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Monday, August 5, 1996

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  • Bob Dole’s Running Mates and Abortion

    Today NARAL unveils its new television ad and will hold a news conference in Washington to talk about presidential candidate Bob Dole’s stance on abortion issues. We are joined by James Wagner of NARAL to talk about Bob Dole’s potential running mates and their stand on abortion. Potential running mate Connie Mack, the Florida Senator, has a comprehensive anti-choice record in the senate. This is in line most of Dole’s potential running mates. Wagner states Dole has already made commitments to the Christian Coalition and other organizations that he will move ahead with the anti-choice agenda. For this reason Wagner sees Dole’s choice of running mate as having very little effect on the abortion policy of a Republican administration. Carrol Campbell, governor of North Carolina, is seen as more moderate largely because he has skirmished with the extreme right wing of the party over abortion. The governor believes in flying the Confederate Flag over the capitol of North Carolina and has a strong anti-choice record. Arizona Senator and potential running mate John McCain has cast 79 votes on abortion and reproductive rights and 75 of those votes were anti-choice votes. Of Three Midwestern governors and potential running mates, John Englar of Michigan and Tommy Thompson of Wisconsin have already shown in their own states that they will support strong anti-choice measures. Jim Edgar of Illinois is seen as having a mixed stance on abortion.

  • Jim Colby’s Coming Out

    On Friday six term congress member Jim Colby of Arizona acknowledged that he is gay. Colby came out because The Advocate, a national lesbian and gay magazine, threatened to out him for voting for the Defense of Marriage Act – effectively a vote against same sex marriages. David Grier, who joins us today, applauds Colby for coming out but objects to the general principle of outing and considers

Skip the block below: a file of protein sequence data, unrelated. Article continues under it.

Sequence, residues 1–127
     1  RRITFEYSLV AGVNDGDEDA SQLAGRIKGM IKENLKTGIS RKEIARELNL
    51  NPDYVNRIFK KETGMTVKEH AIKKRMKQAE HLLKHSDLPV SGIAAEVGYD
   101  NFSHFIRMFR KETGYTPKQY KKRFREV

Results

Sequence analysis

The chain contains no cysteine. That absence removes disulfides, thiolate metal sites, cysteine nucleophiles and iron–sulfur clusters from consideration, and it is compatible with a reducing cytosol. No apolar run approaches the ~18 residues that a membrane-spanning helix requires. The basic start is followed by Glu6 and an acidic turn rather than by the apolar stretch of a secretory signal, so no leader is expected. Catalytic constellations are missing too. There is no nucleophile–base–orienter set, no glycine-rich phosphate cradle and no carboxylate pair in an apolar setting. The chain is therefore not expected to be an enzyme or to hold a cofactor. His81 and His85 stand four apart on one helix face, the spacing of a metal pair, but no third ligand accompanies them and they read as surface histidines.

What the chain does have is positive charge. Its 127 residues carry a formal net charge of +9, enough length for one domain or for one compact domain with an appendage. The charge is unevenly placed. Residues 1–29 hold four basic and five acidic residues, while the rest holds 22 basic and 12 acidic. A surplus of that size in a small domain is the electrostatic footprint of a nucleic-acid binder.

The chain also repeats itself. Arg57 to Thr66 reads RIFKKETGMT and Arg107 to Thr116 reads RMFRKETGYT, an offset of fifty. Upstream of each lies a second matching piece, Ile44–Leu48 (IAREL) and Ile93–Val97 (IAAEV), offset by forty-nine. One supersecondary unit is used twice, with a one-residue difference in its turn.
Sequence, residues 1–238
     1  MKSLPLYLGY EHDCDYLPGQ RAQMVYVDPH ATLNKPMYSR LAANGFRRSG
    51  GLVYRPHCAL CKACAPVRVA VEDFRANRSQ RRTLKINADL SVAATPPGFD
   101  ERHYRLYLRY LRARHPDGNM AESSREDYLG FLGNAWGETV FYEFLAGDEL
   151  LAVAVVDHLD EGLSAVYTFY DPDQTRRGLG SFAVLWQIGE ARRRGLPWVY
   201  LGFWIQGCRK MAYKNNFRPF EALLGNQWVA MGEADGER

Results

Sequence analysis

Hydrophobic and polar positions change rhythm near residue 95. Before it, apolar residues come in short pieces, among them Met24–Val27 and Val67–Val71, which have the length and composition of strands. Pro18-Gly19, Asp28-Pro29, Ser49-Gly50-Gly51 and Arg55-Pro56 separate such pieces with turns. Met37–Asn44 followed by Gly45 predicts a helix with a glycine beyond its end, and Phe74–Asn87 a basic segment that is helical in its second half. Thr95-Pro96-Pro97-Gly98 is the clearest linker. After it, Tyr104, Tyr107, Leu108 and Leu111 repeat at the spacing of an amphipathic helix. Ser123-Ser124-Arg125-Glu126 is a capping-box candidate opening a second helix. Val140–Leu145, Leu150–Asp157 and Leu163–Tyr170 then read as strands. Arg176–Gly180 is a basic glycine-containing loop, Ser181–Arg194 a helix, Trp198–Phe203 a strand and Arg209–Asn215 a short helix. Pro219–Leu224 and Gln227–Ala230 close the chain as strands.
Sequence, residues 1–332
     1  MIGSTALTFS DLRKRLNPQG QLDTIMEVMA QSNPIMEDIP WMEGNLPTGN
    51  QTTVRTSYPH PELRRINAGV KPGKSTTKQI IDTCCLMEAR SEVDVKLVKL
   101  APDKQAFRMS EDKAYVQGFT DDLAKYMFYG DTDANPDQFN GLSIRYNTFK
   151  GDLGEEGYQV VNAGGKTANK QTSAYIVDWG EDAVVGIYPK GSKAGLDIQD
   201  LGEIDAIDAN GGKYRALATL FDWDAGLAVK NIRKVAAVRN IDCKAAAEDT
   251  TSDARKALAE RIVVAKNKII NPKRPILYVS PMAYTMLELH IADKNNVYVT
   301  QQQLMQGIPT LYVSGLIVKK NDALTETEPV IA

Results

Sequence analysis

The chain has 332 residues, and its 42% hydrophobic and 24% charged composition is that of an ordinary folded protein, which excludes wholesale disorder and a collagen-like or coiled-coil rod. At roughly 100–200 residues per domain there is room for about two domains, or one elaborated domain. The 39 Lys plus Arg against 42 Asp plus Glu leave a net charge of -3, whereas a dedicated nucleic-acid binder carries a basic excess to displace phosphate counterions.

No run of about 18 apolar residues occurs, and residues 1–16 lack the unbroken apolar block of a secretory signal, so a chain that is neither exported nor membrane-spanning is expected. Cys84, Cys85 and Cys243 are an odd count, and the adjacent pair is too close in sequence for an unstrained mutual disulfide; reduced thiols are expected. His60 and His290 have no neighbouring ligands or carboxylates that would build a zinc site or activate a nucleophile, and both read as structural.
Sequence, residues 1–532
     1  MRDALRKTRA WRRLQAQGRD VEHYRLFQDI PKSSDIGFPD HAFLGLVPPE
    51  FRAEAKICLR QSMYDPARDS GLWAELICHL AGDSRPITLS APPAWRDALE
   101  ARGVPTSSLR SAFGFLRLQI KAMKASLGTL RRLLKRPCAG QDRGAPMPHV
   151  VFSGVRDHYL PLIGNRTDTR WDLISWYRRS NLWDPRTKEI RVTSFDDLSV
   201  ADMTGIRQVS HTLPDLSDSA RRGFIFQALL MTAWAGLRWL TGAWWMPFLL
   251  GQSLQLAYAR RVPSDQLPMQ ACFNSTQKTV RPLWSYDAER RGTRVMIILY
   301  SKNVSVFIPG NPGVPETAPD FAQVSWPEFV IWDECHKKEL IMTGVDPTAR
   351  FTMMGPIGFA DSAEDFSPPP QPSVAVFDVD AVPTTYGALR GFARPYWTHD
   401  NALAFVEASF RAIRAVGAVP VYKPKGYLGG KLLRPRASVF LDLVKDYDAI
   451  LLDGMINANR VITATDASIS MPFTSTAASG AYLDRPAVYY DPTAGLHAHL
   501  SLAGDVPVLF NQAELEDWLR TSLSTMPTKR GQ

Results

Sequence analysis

Colby to have a pro-gay voting record. Larry Gross, who also joins us, considers outing to be good for the body politic and states Colby’s voting record is weak on gay rights. Larry Gross goes on to describe the first instances of outing during the Aids epidemic. Many highly placed closeted gays in the Reagan administration were seen as being unresponsive to the AIDS crisis. Militant gay organizations like Act Up responded by naming gay officials publicly. Senator Mark Hatfield of Oregon, Governor Jim Thompson of Illinois and Malcolm Forbes were all outed in the 80s.

  • Longtime Clinton friend and advisor discusses Clinton’s stance, or lack of stance, on gay issues.

    Today Pacifica Reporter John Rush interviews David Mixner an openly gay former advisor in the Clinton administration. Mixner, who has known Clinton for over 25 years, states that Clinton has become and expert at befriending those who are making social change while managing to avoid making such changes himself. Mixner identifies with Clinton in that he too grew up in a small town and was eager to break out into the world at large. Clinton, he suggests, although good at heart, is stuck in the people/authority-pleasing mode of operation that launched his political carrier. Mixner sees Clinton as treating the gay rights movement more like a special interest group that can be used to his advantage than as a legitimate civil rights movement.  
    The current Democratic platform is seen as a retreat from Clinton’s first campaign platform. The current platform largely ignores the issue of gays in the military and although it denounces anti-gay discrimination Clinton promises to sign an agreement that would ban gay marriages on the federal level.